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Dr. Daniel Haders is currently the Co-Founder of Model Medicines, an AI/ML Drug Discovery company that has built a pipeline of preclinical broad-spectrum antiviral compounds in the last 12 months. Prior to co-founding Model Medicines, Daniel launched the Nex Cubed Digital Health Accelerator. Here, Daniel built an early-stage investment portfolio of 28 Digital Healthcare companies that have an enterprise value of over $200M with investment results that would place the portfolio in the top decile of venture capital. The accelerator has been named one of the "Top Ten Global Digital Health Accelerators" and "The Best Accelerators and Incubators for FemTech Startups." He is also an Operating Partner at Sway Ventures, a venture capital firm located in the United States, where he helps manage Digital Health investment and portfolio supervision. Dr. Haders serves as a Board Observer at Applied VR, a digital therapeutic firm that just received FDA breakthrough device classification for its VR technology.
In an interview with Healthcare Tech Outlook Magazine, Daniel Haders, Managing Director & Digital Head of Nex Cubed, talks about the current status of the healthcare startup space, how it has evolved over the years and the challenges that this landscape is facing today.
How has the healthcare startup ecosystem evolved overtime?
The use of technology such as data science, machine learning, and artificial intelligence, which is radically transforming the face of healthcare, is the most important trend in healthcare startups. Although digital healthcare has been in some form or another since the late 1990s, its current influence on healthcare, both in terms of care delivery and the pharmaceutical business, leads many to believe it started in the early twentieth century.
What are some of the major challenges in the healthcare startups landscape, and how can they be mitigated effectively?
One of the most significant challenges in the US healthcare system is that the person who prescribes medicine or performs a medical treatment is not often the same as the person who pays for the prescription or operation or the person who receives it. As a result, it's very complicated. The structures of who bears the risk are frequently an extreme challenge for healthcare startups because there are quite a few companies that have built technology that solves the healthcare problem, but that technology doesn't fit nicely into the way that healthcare is paid for. So, there is frequently a mismatch between delivering good treatment and having that care paid for with these new technologies.
“If you're going to start a firm, it's not enough for your technology to work; you'll also need a business strategy”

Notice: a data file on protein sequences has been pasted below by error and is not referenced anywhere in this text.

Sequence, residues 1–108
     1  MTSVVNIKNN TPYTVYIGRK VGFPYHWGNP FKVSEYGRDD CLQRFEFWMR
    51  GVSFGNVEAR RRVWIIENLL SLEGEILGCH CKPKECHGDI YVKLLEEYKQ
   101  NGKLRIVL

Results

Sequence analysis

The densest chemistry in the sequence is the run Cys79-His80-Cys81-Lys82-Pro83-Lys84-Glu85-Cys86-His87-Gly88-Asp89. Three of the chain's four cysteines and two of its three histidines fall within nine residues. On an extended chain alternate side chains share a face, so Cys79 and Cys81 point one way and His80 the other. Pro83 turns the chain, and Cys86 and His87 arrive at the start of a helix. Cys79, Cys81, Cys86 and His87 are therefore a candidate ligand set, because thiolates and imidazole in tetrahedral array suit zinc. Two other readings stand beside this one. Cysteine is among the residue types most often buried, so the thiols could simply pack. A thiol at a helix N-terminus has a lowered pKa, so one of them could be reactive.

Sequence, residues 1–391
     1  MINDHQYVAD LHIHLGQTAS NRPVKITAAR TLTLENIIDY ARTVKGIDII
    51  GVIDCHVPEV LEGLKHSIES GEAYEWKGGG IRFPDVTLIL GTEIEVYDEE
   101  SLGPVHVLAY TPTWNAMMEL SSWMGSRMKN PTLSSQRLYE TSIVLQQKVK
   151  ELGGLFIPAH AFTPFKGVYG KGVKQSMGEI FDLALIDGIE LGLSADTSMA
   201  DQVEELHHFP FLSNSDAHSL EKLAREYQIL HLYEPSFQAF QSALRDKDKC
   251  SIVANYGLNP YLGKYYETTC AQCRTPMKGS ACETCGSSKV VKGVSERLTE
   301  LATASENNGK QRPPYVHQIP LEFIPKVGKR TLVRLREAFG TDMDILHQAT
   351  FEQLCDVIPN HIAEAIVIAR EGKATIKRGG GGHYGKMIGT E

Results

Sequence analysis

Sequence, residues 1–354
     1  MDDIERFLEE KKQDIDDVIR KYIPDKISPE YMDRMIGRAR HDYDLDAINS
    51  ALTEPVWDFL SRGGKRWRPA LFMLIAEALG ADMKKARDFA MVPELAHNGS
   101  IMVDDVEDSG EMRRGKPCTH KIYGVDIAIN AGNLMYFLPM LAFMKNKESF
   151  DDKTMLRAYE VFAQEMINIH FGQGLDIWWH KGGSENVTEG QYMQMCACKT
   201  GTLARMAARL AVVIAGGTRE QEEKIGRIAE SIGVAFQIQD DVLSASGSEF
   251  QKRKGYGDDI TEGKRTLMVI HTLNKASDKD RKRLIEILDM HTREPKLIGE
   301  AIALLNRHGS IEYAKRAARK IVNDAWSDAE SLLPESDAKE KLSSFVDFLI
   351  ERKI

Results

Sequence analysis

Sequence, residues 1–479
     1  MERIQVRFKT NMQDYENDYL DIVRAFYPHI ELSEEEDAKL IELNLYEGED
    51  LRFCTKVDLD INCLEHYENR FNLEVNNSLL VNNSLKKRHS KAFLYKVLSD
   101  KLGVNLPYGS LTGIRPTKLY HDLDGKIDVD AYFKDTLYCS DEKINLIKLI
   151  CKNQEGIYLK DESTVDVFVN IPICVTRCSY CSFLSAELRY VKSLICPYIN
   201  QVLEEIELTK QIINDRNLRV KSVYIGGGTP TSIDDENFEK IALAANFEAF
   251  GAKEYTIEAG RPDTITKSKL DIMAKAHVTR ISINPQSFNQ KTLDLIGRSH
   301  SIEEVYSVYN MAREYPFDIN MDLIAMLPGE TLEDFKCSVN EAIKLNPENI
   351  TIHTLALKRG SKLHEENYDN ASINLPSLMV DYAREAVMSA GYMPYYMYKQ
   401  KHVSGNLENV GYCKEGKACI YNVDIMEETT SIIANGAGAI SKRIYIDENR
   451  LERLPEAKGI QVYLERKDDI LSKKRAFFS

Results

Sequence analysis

From a technological standpoint, many companies struggle with either producing private data or obtaining publicly accessible data, as pharmaceutical corporations have a lot of unreported poor data. And, as our existing patient record system was not designed to be a true health record, negative data was not given any importance. As a result, there are frequently valuable data behind the scenes that aren't in a medical record, as medical records were never designed to provide healthcare insights. They were built only to allow efficient billing mechanisms. All of these challenges are still obstacles that nearly every digital health care firm is attempting to overcome. It’s not uncommon for healthcare firms to be the ones driving such changes from behind the scenes.
What are some of the trends influencing healthcare startups today?
In terms of trends, there has been a recent increase in the amount of money spent on research and development, notably by pharmaceutical companies that undertake AI, machine learning, medicine development, and drug discovery. On the other hand, decentralization and digitalization of care are also two areas where a lot of money is being poured. So, whether it's tele-health and the systems that support it, or firms that provide chronic illness management software, there's been a lot of money invested in that sector.
However, there have been other advances as the world has grown more aware of and sensitive to the needs of ordinary people. Mental and behavioral health has finally been receiving significant funding from venture capitalists, as well as technology and firms focusing on women's health.
How do you envision the next 12 to 24 months down the line for the space?
First and foremost, a slew of new companies will emerge that are centered on women's healthcare technology and also relevant to mental and behavioral health enterprises. Moreover, the growing adoption of Smartphones and tablets, coupled with healthcare apps, the growing need to control healthcare costs, and the rise in incidences of chronic diseases are expected to fuel the growth of the digital therapeutics market.
How would you advice budding entrepreneurs in this space?
There has been a lot of technology developed in healthcare and care delivery, as well as in pharmaceutical development, that has performed pretty effectively. However, many of these inventions end up as technology with extremely restricted applications. Nonetheless, despite the fact that people have sought to innovate in healthcare for a century, particularly in the US market, the truth is that they now promise to enhance treatment while decreasing costs. However, the fact is that most technologies have only done one or the other. So, it's just you can increase outcomes while also improving costs, or you may lower expenses while improving outcomes but not both.
But, for the first time in the contemporary history of Western medicine, we now have the possibility to do so, because of data, by lowering costs and improving outcomes at the same time. My suggestion is that if you're going to start a firm, it's not enough for your technology to work; you'll also need a business strategy.